The promoters of the £200m project, which was always conceived as a visitor attraction rather than transport infrastructure, have conceded defeat in their bid to attract sufficient private donations.
The Garden Bridge Trust, the charity established to build and manage the proposed structure, has informed the Mayor of London, as well as Transport for London (TfL) and the Department for Transport, which have both allocated public funds to the project, of its decision.
The Garden Bridge project will now be formally closed. All contracts will be terminated, including those with French builder Bouygues, Italian steelwork contractor Cimolai and designers Arup, Heatherwick Studio and Dan Pearson Studios. The Trust itself will be wound up in accordance with the Companies Acts.
The Trust blamed the collapse of the project on London mayor Sadiq Khan’s refusal to underwrite the annual maintenance costs. This scared off potential donors, it said.
Transport for London (TfL) and the government had previously each committed £30m to the Garden Bridge. The remaining funding was being solicited through private donations. Of the £30m pledged by TfL, £20m was in the form of a loan that was expected to be repaid.
Sadiq Khan revealed in May 2016 that of the £60m of taxpayers money pledged, £37.7m had already been spent by the Garden Bridge Trust without breaking ground.
The Garden Bridge Trust and the office of former mayor Boris Johnson appeared to have survived allegations of financial improbity and breach of public procurement rules, despite clear evidence of project designers being given jobs on the project on the basis of celebrity friends.
Notable backers of the project include TV's Joanna Lumley, who is credited with persuading Boris Johnson to put his weight into the project. Prominent critics included architect Ian Ritchie, who described the project as "a wonderful exercise in celebrity hype and hubris".
However, the report produced by Dame Margaret Hodge into the project, commissioned by Sadiq Khan, was the final nail in the coffin of the Garden Bridge. Published in April 2017, it concluded that it would be better to scrap the project at a cost of £46.4m to the taxpayer than to risk going ahead with it. It also confirmed that the taxpayer-funded contracts awarded to Heatherwick Studio and Arup were done so without fair and open competition.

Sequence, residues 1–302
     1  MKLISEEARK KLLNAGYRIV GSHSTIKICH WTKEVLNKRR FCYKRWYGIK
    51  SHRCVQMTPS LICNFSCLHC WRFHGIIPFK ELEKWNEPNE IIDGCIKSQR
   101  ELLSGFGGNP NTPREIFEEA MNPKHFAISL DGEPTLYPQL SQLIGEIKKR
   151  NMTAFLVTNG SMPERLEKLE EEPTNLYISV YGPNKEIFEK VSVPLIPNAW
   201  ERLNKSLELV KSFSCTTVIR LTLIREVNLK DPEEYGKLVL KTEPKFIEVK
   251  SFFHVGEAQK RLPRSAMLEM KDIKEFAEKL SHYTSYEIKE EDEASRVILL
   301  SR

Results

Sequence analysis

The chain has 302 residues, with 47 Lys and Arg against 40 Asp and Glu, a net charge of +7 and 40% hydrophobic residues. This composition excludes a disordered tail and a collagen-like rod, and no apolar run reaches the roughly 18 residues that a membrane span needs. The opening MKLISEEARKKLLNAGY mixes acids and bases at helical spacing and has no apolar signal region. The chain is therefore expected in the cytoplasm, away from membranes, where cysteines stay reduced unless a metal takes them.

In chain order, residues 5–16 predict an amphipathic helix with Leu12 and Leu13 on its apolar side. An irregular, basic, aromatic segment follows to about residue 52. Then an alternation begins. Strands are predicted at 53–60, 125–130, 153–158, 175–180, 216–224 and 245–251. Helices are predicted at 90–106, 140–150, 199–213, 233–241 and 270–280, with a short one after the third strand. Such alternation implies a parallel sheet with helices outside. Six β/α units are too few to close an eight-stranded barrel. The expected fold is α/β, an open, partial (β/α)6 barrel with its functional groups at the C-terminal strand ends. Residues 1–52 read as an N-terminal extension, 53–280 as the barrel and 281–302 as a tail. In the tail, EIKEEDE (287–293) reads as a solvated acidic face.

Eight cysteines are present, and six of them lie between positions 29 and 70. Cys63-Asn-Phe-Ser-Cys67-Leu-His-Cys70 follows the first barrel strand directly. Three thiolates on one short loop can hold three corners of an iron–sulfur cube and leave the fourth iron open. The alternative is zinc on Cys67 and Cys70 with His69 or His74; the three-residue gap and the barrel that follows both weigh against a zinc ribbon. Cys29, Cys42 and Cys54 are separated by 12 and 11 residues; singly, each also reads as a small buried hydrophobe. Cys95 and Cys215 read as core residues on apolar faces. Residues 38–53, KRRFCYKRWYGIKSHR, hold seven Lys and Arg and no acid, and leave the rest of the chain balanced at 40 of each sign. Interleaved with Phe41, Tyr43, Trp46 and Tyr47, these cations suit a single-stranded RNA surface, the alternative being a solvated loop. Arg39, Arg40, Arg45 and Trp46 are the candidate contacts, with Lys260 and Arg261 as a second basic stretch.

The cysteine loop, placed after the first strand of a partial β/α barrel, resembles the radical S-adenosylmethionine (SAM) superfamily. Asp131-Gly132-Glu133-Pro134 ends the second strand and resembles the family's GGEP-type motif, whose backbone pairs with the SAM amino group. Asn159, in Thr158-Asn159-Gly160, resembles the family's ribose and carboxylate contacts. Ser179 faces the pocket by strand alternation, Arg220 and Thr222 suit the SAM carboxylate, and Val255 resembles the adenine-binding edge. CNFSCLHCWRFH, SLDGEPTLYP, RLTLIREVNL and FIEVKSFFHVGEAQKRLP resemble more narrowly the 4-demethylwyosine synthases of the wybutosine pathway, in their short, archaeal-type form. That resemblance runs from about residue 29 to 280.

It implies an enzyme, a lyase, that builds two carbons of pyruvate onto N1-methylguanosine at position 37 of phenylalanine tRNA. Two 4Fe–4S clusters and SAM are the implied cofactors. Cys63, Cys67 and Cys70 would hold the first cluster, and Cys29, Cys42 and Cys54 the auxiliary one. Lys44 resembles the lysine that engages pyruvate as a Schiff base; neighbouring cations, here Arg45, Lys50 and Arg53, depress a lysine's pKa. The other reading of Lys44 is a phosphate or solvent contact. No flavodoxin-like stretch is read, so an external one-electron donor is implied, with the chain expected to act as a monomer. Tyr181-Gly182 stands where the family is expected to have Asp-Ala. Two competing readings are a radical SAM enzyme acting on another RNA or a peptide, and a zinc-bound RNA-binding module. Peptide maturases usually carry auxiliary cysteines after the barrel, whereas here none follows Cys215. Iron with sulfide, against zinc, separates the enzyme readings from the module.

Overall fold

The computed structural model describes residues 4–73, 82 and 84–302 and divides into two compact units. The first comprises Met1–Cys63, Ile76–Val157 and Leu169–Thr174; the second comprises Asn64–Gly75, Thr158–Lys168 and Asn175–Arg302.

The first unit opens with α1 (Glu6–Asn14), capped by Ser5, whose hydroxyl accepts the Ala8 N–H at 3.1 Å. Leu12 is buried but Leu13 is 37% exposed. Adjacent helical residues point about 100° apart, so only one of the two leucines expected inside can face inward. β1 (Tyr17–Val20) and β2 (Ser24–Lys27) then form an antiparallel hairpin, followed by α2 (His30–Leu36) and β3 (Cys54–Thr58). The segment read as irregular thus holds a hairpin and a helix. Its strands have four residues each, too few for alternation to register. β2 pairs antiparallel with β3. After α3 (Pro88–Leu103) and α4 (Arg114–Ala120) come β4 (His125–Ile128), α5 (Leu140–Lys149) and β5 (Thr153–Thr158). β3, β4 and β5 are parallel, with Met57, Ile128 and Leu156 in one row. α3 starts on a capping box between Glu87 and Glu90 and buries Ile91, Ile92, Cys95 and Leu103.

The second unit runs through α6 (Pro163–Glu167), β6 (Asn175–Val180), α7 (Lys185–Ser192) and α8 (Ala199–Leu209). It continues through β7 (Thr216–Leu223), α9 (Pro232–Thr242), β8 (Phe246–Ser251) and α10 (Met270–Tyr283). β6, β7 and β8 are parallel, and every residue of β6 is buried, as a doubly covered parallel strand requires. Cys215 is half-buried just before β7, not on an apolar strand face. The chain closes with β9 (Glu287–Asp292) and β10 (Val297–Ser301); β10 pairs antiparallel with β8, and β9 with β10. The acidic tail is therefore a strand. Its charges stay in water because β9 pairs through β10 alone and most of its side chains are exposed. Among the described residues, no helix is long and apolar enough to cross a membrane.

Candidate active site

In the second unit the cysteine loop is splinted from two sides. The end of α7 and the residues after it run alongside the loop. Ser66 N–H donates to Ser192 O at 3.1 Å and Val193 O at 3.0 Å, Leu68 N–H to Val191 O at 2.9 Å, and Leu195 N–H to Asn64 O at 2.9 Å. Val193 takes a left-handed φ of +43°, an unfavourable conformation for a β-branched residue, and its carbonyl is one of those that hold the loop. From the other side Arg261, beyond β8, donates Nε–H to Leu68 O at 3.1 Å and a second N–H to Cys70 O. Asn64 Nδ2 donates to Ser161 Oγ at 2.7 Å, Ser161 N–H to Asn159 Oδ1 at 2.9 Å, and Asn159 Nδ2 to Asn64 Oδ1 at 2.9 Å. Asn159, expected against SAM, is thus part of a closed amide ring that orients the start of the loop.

“There is an overriding duty on all public servants and elected politicians to act with integrity in administering public money," Dame Margaret wrote in her report. "The money they are using is not their money; it is the taxpayers’ money. The mayor’s appointees in City Hall should have stood up to Boris Johnson’s determination to achieve the outcome he wanted. TfL’s commissioner and his staff should not have interpreted a clear and proper desire of the mayor to build a Garden Bridge as a licence to contravene procedures. The rules exist to protect public money and ensure due process is followed. They were not followed appropriately.”
No legal charges have yet been brought against any of those involved, however, either for abuse of public office or breach of procurement law.
Lord Mervyn Davies, chairman of the Garden Bridge Trust, said: "It is with great regret that trustees have concluded that without mayoral support the project cannot be delivered. We are incredibly sad that we have not been able to make the dream of the Garden Bridge a reality and that the mayor does not feel able to continue with the support he initially gave us. We had made great progress obtaining planning permission, satisfying most of our planning conditions and we had raised £70m of private money towards the project.”
Confirming that there was no transport rationale for the bridge, he added: "The Garden Bridge would have been a unique place; a beautiful new green space in the heart of London, free to use and open to all, showcasing the best of British talent and innovation. It is all the more disappointing because the Trust was set up at the request of TfL, the organisation headed up by the Mayor, to deliver the project. It is a sad day for London because it is sending out a message to the world that we can no longer deliver such exciting projects.”
Sadiq Khan said: “It’s my duty to ensure taxpayers’ money is spent responsibly. Following the very serious issues highlighted in Dame Margaret Hodge’s independent review of the bridge - including a funding gap of over £70m, potentially unlimited costs to London taxpayers to fund the bridge in the future, systemic failings in the procurement process and decisions not being driven by value for money – I could not permit a single penny more of London taxpayers’ money being spent on it.
“I have been clear since before I became mayor that no more London taxpayers’ money should be spent on this project and when I took office I gave the Garden Bridge Trust time to try and address the multiple serious issues with it.
“Londoners will, like me, be very angry that London taxpayers have now lost tens of millions of pounds – committed by the previous mayor on a project that has amounted to nothing.”